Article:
Food Insecurity in Philadelphia

Every Sunday from 1:00 to 4:00 p.m., I make 50 bagged lunches for homeless people in Kensington, a neighborhood in Northeast Philadelphia, Pa. I’ve been doing this for about two years now, and every Monday my mom delivers the lunches with the Sunday Love Project, the organization that coordinates the effort. Handing out the food never takes longer than ten minutes, but every week we get reports of how grateful the people are to receive the lunches. The fact that there are so many organizations trying to end food insecurity in Philadelphia yet it’s still a major issue is really concerning to me. I get to live in a nice house and go to a fancy school, but if you take a ten-minute drive from my house, you get to a neighborhood where there’s a food desert, meaning there are no fresh food markets or grocery stores nearby. Food deserts tend to be in low-income areas, and the people living in them have very little access to fresh food.

According to a report by Hunger Free America, from 2015 to 2017, 302,685 Philadelphia residents lived in food-insecure households. This number reflects a 22 percent increase over the previous six years. During the 2015–2017 time frame, 239,627 adults were working but still food insecure. The report also calculated that, to end hunger, “the food purchasing power of food-insecure families would need to be increased by $158 million in Philadelphia and $355 million in the Philadelphia metropolitan area.” These numbers are shockingly high, at least they are to me. I have the privilege of being able to turn a blind eye to the problems that my city has, but many people don’t. Every week I try to make a difference in the food insecurity problem, but it feels like it hardly makes a dent. Every week I work for three hours shopping for fruit, making sandwiches, and bagging lunches, but the difference it makes is small compared to what needs to be done. Still, every week for almost two years I’ve made lunches and felt grateful for having a life like mine.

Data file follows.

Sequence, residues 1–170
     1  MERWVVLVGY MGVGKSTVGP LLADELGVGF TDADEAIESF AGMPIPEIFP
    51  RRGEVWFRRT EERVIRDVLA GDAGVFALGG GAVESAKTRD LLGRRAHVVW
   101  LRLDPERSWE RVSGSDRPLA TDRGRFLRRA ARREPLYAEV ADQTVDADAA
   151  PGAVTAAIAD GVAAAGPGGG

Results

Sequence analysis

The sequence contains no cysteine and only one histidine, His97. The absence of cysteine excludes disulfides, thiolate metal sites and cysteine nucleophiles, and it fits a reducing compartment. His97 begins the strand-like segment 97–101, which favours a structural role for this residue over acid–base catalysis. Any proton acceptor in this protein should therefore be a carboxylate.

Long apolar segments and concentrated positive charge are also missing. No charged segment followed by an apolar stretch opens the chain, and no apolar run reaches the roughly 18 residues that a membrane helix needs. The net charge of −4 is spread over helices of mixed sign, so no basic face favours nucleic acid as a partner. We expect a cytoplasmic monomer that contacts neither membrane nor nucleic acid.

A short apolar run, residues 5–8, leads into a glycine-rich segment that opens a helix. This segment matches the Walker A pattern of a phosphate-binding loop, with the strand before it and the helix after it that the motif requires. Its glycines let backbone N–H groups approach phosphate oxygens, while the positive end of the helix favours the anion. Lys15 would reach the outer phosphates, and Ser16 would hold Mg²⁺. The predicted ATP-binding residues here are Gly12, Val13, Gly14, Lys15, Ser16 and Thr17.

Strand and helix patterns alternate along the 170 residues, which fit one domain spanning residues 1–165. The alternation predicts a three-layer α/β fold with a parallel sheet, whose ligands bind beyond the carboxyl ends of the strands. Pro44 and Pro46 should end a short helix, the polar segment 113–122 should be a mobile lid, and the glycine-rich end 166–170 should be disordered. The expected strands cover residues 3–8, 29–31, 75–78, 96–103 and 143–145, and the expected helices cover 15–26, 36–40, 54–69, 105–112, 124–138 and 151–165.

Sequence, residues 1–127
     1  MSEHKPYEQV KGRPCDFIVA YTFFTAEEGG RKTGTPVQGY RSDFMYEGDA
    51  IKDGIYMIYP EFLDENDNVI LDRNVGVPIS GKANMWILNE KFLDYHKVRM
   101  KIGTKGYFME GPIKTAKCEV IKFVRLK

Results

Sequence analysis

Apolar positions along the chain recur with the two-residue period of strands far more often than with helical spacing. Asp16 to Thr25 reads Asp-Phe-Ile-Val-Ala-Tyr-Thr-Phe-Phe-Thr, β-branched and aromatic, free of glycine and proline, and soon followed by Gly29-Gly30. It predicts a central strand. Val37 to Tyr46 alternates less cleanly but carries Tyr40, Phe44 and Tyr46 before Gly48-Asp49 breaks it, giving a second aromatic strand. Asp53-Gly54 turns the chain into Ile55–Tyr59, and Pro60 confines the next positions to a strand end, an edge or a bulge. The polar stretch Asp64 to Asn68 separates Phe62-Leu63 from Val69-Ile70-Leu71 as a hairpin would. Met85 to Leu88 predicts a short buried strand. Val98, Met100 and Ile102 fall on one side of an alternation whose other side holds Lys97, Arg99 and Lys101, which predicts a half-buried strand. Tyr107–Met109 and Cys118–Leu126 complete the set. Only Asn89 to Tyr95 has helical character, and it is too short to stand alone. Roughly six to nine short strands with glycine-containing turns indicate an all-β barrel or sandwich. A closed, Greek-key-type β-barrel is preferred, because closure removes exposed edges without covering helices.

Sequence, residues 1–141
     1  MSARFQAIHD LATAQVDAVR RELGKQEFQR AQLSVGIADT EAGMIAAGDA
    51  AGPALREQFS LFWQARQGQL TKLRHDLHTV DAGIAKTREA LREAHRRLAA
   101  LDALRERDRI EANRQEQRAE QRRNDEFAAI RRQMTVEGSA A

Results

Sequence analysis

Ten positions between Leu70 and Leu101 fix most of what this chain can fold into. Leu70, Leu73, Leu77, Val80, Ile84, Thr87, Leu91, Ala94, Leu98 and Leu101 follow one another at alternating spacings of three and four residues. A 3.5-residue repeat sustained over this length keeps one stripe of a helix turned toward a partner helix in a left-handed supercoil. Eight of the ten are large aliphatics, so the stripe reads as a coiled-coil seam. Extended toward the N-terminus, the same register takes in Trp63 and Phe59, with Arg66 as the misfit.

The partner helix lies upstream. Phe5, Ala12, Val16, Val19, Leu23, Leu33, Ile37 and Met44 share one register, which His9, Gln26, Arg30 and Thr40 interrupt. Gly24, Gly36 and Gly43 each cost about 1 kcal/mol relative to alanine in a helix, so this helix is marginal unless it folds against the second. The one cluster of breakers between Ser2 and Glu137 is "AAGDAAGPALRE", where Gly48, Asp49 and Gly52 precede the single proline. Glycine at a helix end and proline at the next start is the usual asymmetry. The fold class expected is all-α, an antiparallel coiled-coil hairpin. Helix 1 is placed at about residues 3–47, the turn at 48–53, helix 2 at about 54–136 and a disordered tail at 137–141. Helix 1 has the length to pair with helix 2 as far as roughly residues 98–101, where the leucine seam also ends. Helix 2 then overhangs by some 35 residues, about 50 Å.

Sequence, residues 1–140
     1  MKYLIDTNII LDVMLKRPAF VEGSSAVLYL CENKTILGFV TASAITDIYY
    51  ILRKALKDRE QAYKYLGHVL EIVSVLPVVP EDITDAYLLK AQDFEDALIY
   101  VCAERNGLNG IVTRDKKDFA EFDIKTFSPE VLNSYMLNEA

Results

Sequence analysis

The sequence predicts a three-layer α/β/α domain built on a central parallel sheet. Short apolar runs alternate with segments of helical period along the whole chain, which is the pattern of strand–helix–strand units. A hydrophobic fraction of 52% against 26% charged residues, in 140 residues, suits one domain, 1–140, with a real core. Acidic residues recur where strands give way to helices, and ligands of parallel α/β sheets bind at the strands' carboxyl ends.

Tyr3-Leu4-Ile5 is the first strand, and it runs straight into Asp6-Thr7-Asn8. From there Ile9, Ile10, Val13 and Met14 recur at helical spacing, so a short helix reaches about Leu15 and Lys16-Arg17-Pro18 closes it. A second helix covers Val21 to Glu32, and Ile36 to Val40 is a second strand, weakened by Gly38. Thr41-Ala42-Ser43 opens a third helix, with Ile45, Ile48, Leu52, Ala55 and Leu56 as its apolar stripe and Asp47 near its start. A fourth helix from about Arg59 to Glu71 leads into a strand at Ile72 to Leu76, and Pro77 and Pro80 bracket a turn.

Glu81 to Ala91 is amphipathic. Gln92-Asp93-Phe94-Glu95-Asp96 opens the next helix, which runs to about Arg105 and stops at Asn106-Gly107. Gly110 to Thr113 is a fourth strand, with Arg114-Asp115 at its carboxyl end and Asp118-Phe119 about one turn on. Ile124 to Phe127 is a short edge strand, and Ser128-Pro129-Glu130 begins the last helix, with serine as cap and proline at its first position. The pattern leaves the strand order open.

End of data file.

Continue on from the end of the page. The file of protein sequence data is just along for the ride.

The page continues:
All of this could change. If everyone who had the time did a little bit of volunteer work each week or donated a little bit of food, we could turn the tide on the overwhelming wave of food insecurity. Until then, I’ll continue making lunches every Sunday.

Read more: Student Voices Project 2020

Leave a Reply

Your email address will not be published. Required fields are marked *

Maximum of 400 words or 2000 characters.

Comments on may be used in the Forum of the print magazine and may be edited for length and clarity.